BLACK LIFE: UNTOLD STORIES: Honouring elders and preserving history

Eight-episode docu-series on Black Canadian history to be released on CBC Gem

Beautiful reenactment shot from the “Haven but no Heaven episode”. Studio 112 Duane Cole

Produced by Canadian filmmaker Leslie Norville, BLACK LIFE: UNTOLD STORIES is an eight-part historical documentary series detailing parts of Canadian history that often go untold. The docu-series will air on Oct. 18 on CBC Gem.

Gabrielle Free, the spokesperson for the studio behind the series (Studio 112 & Northwood), emphasizes the content of the second episode as it is related to Concordia University. “I think the entire series would be of interest to [Concordia students], but of particular interest would be the “Revolution Remix” episode, which focuses on the Sir George Williams Affair, with rare footage of Concordia from the 1960s,” Free said.

“The series spans more than 400 years, with an eye towards contemporary issues, music, policing, Black liberation, immigration, culture and sports,” Free added.

All eight episodes explain different aspects of Black Canadian history through different periods. Additionally, each episode has its own directors—most of them Canadian and all of them part of the Black community. 

The Link was granted access to the first two episodes.

The first episode, “Haven, But No Heaven” is directed by Alicia K. Harris, a Canadian filmmaker. It delves into the history of Canadian slavery, breaking the fantasy that many Canadians have about slavery only happening in the United States. Historical documents, reenactments, and testimonies from experts all help tell the story. 

Throughout her Canadian education, Norville did not hear about Canadian slavery or Canada’s history of colonialism. “It saddened me that it took me [embarking] on this project to learn about this history,” said Norville.

Norville was thrilled to take on this project, eager to delve into the history and perspective of Black Canadians. “I had been thinking for a while about doing a project on Black Canadian history, and because that’s how the world works, a friend of mine (Nelson George) connected me with his mutual friend Miranda de Pencier, who ended up being my producing partner. [...] She’s just amazing and made lots of projects with the CBC [...] From there we pitched the idea to CBC back in 2019 and the rest is history”, said Norville.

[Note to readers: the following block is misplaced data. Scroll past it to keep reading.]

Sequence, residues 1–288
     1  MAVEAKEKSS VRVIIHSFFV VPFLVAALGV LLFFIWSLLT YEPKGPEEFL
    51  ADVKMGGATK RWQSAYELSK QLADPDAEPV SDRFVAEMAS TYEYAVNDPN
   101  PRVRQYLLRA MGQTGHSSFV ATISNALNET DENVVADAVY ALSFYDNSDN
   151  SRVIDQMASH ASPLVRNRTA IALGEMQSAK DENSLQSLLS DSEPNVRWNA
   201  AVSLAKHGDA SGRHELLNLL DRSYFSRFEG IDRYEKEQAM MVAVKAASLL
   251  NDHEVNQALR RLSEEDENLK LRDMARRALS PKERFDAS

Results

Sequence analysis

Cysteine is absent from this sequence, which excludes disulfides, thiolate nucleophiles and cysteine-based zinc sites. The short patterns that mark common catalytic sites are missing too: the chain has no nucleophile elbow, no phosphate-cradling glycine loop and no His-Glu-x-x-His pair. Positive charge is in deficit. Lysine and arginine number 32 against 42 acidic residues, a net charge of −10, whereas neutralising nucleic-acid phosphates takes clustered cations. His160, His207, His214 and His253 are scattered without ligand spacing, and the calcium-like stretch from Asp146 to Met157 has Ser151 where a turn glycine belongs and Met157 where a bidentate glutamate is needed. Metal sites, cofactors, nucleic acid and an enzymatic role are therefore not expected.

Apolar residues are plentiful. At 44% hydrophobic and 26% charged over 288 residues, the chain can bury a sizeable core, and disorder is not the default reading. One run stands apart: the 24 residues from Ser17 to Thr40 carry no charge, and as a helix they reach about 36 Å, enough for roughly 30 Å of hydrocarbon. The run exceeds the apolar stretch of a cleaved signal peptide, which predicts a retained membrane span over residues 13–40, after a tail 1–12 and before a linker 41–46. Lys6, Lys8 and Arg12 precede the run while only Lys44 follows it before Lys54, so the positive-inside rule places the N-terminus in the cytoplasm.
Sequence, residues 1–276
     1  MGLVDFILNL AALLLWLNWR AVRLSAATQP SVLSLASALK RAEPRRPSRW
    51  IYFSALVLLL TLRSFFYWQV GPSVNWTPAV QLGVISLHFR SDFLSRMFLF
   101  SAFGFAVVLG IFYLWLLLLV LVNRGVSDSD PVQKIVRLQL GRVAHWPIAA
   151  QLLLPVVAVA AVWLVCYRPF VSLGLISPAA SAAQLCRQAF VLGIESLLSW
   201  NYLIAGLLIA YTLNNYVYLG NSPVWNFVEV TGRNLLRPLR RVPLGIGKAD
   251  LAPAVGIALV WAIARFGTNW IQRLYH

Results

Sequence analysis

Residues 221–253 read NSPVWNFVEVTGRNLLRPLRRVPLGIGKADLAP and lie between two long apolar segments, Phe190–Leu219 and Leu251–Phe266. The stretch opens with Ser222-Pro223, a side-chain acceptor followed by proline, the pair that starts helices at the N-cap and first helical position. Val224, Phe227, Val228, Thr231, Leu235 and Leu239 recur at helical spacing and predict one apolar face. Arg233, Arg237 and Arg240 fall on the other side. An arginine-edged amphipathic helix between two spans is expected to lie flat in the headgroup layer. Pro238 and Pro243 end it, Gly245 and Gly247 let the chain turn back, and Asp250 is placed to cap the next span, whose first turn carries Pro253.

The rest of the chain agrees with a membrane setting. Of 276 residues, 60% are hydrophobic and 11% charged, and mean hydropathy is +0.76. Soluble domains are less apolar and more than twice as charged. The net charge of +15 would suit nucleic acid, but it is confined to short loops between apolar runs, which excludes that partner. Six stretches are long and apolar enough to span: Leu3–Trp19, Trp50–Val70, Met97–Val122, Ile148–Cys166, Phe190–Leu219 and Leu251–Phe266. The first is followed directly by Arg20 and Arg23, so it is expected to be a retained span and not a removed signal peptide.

As Norville and her team were gathering information, going through archives and researching, she was surprised at the number of stories she had never heard. 

The second episode, “Revolution Remix,” directed by Haitian-Canadian director Michèle Stephenson, touches home for Concordia students as it recounts the story of racist professor Perry Anderson and the Sir George Williams affair. 

Shot of archival footage from the “Remix Revolution” episode Studio 112

The Sir George Williams affair refers to the mistreatment and racism Black students faced at Concordia in the late 1960s, and the peaceful protests and sit-ins that Black students held in response to the unfair grading from Anderson. The university called the police on the students, resulting in violence against them, arrests and, in multiple cases, deportation. 

“One of the things I think people don’t realize [about the Sir George William affair] is that what happened in the ’60s at Concordia still had long-lasting repercussions for the Black students that participated in the sit-in”, Norville said. 

Through captivating National Film Board of Canada archival footage of Montreal in the 1960s and the story being told by then-students who were present at the time of the events, the episode was tinted in black and white. Stephenson explained that the stylistic choice was made to immerse the audience in the atmosphere of those days. The episode is not only visually stunning but tells a story every Montrealer should know. 

“The episode (“Revolution Remix”) was an occasion to pay respect and honor the elders that were there and fought for civil rights,” Stephenson said.

There were so many more stories that both Norville and Stephenson agreed were left untold, either in the series as a whole or in the “Revolution Remix” episode, as they could only fit so much in eight hours.

“I was shocked that the contribution of women in the movement had very little documentation [...] I tried to make sure that the sacrifices of both men and women were represented in the episode,’’ Stephenson said.

Both Norville and Stephenson expressed how the civil rights movements of the ‘60s are always associated with the United States, while Canada had a unique social environment and also participated in many liberation movements.

“As a Canadian, my history is acknowledged,”  Norville said. Stephenson shared the same feeling as her colleague, saying, “We are the moral compass of what it means to be Canadian.” 

Stephenson offered advice to Concordia students after directing her episode and having done extensive research: Don’t underestimate the power of archiving. “I am challenging the students of today to properly document and archive what is happening around them,” Stephenson said.

Norville knows that history documentaries can have the reputation of not being very stimulating for the viewer, but that it shouldn’t deter viewers from watching. “Although it is a docu-series, it is not your typical boring one like the ones you see in school,” said Norville, laughing. “It is cinematic and tells so many different perspectives.”

BLACK LIFE: UNTOLD STORIES,  the first four episodes will air on CBC on Wednesday, Oct. 25.